Toodyay, in the West Australian Wheatbelt and 85km north-east of Perth, was founded as Newcastle by European settlers with its name later changed and pronounced Too-dyay, as it is to this day, with the plum further into the mouth the higher one’s imagined social standing.
However, to the Ballardong Nyungar, in whose ancestral land it sits, it is Tudjii (u as in book, ii as in feet), sometimes written Duidgee. And not only to the Nyungar. Relatives of my parents’ generation who farmed at Moora also called it Tudjii, with a local rhyme to back them up:
Tudjii was Tudjii, when Northam was a pup; And Tudjii will be Tudjii, when Northam’s buggered up.
For me Dunalley will always evoke fond memories. It’s one of those rare places, which, like the Buccaneer Archipelago of my childhood, are forever changeless, magically fixed in time and space. There are people like that, too; those dear departed ones still vivid and warm in recollection. My old knockabout mates Bob Pomeroy and Julio, lovers, parents and grandparents, uncles, aunts – and Bill Dunbabbin.
Bill Dunbabbin is to me a large part of what makes Dunalley such a special place in my soul. In him are the sea and the wind and the enduring rocks of his beloved island; the great gums and the peaty rivers; the wave-battered cliffs and the quiet reaches of the sea-hammered West. But Bill was also a paradox: a quiet man who loved a yarn and a lively discussion as much as he enjoyed sitting in silent company, feeling the breeze off the bay and savouring the aroma that make coastal settlements what they are the world over: that sea whiff with its hints of far-off lands and adventures in great and noble causes.
He also liked a good read, especially from books about the lives and achievements of the great explorer–adventurers. We had a bit of a book club going there for a while, Bill and I, borrowing from each other’s collections. In Pat’s cheerful kitchen overlooking the bay and fuelled by her delicious home cooking, we exchanged views on authors and their subjects. Flinders (who Bill, in common with many seafaring folk, rated as probably the greatest navigator of them all), Baudin, D’Entrecasteaux, and Cook were discussed and dissected, along with accounts of great journeys by land and sea and tales of shipwrecks and wonders the world over.
In my past dealings with a national magazine, I was often in contact with modern-day adventurers and their achievements – mountaineers, kayakers, travellers in exotic overlands – and I respect their steadfast resolve to achieve what they do, but for all their wonderful feats, the fact remains that, when all is said and done, they are the modern-day equivalents of the “gentleman adventurers” of Victorian and Edwardian times.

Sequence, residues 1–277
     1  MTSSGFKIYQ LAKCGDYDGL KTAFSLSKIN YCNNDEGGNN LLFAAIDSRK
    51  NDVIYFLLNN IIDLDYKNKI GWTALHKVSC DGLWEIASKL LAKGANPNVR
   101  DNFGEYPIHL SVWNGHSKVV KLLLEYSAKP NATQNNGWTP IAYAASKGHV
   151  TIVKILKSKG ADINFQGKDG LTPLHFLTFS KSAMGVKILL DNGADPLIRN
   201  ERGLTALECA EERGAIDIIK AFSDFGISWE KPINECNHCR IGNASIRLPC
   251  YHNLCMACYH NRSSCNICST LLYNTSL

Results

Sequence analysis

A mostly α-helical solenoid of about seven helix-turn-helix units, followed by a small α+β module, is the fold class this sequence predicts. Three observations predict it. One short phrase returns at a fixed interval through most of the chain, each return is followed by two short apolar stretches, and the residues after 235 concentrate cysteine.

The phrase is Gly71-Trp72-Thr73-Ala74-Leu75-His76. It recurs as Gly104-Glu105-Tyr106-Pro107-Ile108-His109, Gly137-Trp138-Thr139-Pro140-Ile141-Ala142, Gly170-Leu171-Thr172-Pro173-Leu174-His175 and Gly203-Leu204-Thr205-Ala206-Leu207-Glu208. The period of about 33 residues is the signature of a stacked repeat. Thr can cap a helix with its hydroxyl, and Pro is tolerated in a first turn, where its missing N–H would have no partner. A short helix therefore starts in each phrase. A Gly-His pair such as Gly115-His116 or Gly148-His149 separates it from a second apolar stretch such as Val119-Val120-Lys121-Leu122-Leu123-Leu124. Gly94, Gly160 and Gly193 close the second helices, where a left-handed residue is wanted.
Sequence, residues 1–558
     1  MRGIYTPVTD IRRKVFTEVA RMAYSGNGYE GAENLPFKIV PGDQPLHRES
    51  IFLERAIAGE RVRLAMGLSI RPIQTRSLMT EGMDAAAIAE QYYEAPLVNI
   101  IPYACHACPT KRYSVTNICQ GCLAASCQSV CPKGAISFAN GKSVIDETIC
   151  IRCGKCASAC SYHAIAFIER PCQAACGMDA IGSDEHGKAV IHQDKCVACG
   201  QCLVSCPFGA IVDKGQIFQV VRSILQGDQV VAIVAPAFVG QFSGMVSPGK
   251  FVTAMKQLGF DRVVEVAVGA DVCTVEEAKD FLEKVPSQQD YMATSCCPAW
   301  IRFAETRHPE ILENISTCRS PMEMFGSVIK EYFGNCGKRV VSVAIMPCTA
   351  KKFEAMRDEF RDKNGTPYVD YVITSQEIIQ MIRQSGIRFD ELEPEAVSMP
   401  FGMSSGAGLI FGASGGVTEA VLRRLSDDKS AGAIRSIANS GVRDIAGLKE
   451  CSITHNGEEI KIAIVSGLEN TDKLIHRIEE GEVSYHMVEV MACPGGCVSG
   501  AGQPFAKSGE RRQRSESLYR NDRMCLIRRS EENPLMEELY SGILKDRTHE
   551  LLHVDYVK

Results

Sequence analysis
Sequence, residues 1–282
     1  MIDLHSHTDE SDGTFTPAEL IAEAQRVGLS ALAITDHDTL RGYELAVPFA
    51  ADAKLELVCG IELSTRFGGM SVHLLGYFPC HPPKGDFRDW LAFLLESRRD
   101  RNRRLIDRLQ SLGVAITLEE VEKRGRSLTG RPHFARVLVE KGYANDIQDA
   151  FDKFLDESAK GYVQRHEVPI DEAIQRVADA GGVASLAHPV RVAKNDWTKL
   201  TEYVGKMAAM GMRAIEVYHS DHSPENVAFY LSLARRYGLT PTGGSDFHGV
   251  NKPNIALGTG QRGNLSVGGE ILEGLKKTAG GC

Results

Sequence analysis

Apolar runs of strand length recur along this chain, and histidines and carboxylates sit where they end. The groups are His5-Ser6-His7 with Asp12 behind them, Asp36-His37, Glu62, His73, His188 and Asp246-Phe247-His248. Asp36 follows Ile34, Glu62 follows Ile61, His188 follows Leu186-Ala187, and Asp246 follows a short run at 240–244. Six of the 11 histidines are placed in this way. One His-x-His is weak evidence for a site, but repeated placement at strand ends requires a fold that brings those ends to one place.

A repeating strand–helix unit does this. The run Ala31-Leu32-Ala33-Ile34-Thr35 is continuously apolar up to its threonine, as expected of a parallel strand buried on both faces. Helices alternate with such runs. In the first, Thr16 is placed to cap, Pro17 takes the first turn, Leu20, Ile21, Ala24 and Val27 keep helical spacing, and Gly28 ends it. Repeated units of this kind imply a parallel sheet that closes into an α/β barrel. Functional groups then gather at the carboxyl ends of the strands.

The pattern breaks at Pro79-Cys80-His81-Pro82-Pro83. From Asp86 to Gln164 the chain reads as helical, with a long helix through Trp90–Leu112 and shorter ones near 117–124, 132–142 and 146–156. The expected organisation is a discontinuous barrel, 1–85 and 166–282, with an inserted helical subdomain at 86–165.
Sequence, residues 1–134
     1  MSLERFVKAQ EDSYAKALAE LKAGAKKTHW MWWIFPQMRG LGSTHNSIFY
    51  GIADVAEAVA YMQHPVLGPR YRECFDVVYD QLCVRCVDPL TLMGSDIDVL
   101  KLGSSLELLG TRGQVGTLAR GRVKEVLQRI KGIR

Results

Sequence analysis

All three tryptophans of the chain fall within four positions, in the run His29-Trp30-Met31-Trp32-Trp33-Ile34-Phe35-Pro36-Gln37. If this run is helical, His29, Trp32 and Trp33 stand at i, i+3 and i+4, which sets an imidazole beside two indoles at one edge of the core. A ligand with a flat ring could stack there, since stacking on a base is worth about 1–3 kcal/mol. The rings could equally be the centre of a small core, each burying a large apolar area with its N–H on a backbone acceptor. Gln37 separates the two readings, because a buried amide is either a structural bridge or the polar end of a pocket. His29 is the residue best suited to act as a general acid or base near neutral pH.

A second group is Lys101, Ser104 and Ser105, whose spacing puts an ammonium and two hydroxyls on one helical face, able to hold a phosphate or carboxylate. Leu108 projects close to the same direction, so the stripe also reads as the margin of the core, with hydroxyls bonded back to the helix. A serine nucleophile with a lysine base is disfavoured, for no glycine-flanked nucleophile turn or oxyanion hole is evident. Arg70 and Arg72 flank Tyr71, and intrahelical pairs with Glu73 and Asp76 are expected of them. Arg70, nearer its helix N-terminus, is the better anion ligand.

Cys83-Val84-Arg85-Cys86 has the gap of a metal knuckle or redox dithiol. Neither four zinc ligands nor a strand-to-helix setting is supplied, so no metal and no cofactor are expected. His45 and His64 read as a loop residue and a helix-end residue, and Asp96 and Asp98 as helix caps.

Pat and Bill – like so many of their time – were adventurers in the course of earning a living and their time at Port Davey is almost the stuff of legend. Their generation drew strength from this rugged old land of ours and went quietly about their business, enduring much as they did so. They were the overlanders; the fishermen under sail; the soldiers, sailors and airmen, the Waafs and Waves and Wrans of great and terrible conflicts and the endurers of harsh economic times. And in them our Colonial past wasn’t history – it was in the conversations and recollections of their parents and grandparents. Let the politicians rant about flags and patriotism; I’ll stick to my Bill and Pat Dunbabbins.
If by chance you should ever be in Port Davey, that legendary haven of Tasmanian seafolk and, I suspect, Australia’s equivalent of Fiddler’s Green, rest soft a while. Let the moist morning air wash over you and open your soul to the voice of the water. There’s a good chance you’ll hear a soft, strong greeting: “Good morning, Captain.” Be not alarmed but instead be happy in the knowledge that Bill Dunbabbin has come home.Rest in peace, Bill, and condolences to dear Pat and family.
Afterthought – Where are the monuments?
Even though just a nipper as nations go, Australia has a proud maritime heritage. This is the only continent first populated by sea, and before the first European skippers sighted our coasts, with sometimes disastrous consequences, the Macassa Men traded with the northern Aboriginals for the right to dive for bêche-de-mer, or sea-cucumber. This link was once very strong. When I was a youngster, we knew this once-valuable commodity by its Malay name, trepang.